Change to slide 13. Explain that the Vocabulary Strategy Index Cards (green) being handed out will be modeled by groups to conclude this activity, but, before that happens, groups need to learn more about one of these strategies provided.

Tell participants: “As a group, briefly read the cards received and select one strategy to explore further. The strategy selected should be recorded on the Strategy Harvest Note Sheet as described previously from slide 12.” (Briefly review this information if needed.)

After a strategy has been selected, ask participants to turn the other strategy cards that were not selected face down and move them to the edge of the table to be collected.

Display slide 14 (for six to 10 minutes), so that participants can easily see the requirements to record on their note sheet. As groups explore their strategy, they will also plan how to model or demonstrate their strategy for the whole group. The two academic vocabulary words they already chose and recorded on the Strategy Harvest Note Sheet will be the words used when modeling. (NOTE: If they need more words to use when demonstrating, they can create more as they plan.)

Remind participants to consult the Authenticity Learning and Teaching Rubric as they address the third bullet point.


Ask the whole group to finish up and get ready to demonstrate their strategy using the two vocabulary words they had selected. Transition to slide 15 and detail what each group will be expected to share as they model (act out) their vocabulary strategy.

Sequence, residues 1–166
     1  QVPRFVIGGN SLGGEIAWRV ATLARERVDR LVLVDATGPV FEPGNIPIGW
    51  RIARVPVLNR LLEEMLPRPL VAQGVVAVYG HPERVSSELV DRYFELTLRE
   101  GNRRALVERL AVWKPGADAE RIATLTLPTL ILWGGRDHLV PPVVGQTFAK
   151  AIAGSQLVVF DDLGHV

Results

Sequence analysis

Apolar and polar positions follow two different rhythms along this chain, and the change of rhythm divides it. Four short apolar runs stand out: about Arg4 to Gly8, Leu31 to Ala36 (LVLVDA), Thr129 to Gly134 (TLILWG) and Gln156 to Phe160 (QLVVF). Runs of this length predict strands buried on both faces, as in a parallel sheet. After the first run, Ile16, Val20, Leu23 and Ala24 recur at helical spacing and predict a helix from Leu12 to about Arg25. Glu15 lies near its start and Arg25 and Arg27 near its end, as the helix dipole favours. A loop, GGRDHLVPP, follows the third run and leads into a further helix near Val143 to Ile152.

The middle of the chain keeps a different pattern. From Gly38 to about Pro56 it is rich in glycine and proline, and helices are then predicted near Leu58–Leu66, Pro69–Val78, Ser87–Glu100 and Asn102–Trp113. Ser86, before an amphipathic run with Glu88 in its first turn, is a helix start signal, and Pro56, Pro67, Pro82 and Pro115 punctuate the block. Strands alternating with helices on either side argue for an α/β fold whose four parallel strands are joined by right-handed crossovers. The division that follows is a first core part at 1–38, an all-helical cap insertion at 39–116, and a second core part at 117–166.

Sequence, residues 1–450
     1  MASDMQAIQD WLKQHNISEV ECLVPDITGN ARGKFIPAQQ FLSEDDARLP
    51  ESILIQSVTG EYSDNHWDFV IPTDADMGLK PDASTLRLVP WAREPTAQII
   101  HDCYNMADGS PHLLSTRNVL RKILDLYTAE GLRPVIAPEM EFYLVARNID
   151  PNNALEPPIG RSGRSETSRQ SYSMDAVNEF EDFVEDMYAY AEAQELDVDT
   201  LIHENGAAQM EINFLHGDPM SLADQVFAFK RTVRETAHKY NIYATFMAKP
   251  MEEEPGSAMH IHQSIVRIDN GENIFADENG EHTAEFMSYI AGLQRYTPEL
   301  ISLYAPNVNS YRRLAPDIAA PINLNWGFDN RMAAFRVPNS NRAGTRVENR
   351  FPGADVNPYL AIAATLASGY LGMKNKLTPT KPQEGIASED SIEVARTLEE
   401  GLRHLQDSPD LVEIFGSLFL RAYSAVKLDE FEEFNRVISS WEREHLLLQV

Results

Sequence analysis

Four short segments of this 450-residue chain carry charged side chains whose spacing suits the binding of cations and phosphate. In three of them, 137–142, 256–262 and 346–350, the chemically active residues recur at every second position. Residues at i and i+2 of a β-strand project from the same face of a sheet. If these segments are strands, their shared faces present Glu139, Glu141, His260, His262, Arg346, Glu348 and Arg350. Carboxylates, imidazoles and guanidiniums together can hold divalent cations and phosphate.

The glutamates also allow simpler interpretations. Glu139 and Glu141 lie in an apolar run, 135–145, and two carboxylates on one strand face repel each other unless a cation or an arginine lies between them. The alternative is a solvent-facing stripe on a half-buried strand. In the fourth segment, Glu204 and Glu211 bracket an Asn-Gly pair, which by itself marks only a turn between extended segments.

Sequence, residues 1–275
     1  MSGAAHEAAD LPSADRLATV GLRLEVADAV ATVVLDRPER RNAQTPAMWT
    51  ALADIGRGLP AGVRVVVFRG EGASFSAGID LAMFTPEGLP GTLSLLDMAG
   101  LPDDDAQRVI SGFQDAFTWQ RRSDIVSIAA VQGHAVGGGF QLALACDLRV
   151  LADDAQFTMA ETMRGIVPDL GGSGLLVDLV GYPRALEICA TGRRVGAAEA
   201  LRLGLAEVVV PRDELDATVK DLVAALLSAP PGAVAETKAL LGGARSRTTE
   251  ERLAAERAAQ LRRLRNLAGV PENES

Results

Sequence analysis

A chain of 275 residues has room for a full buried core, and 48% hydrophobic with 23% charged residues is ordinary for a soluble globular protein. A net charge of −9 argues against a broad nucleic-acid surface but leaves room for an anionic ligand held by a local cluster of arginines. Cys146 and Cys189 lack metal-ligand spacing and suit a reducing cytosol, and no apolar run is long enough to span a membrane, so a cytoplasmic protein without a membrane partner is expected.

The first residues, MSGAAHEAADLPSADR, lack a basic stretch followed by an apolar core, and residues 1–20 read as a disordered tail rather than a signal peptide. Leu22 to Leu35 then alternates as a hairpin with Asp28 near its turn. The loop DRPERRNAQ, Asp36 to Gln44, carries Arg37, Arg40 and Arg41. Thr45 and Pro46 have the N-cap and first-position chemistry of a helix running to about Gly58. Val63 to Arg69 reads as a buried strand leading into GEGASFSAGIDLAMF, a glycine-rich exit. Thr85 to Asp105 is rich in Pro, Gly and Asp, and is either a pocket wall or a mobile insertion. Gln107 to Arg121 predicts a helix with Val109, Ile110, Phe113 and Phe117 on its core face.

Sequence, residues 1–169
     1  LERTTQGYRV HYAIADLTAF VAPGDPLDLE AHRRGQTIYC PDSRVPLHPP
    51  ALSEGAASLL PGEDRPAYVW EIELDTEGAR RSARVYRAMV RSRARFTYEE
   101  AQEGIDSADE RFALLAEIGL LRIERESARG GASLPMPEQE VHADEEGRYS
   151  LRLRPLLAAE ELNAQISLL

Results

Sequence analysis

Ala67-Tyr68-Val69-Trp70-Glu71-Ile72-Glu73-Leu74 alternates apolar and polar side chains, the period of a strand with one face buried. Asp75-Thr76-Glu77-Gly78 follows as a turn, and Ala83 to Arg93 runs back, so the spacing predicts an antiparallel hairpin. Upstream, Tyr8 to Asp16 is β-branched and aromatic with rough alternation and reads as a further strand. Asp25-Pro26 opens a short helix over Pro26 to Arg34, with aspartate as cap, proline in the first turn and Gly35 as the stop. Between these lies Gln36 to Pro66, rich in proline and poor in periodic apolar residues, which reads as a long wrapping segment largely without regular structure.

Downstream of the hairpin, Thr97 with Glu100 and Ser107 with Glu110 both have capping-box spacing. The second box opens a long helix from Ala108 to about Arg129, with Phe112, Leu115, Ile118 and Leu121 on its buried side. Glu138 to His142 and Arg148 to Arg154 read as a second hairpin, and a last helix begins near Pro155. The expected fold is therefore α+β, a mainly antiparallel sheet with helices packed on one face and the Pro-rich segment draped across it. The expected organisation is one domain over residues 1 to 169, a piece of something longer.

Identify the two remaining spaces on the Strategy Harvest Note Sheet, and explain that this space will be used to record the information shared by each presenting group. (NOTE: There is only enough space to record two other strategies, but in a 45-minute session, that might be all you have time for. If your session allows, have more groups model and participants can record the strategies that they prefer.)

As groups model, display slide 16 (for 15 minutes). Pay close attention that groups highlight each bullet from the note sheet. To ensure that each group explains an authentic component and how that component benefits student learning, keep a Strategy Harvest Note Sheet and an Authenticity Learning and Teaching Rubric visible during presentations.


After the last group models, transition to slide 17 and instruct participants to select one strategy that was explored today that they will implement with their students before the next meeting. Have them write that vocabulary strategy down on the bottom of the Strategy Harvest Note Sheet.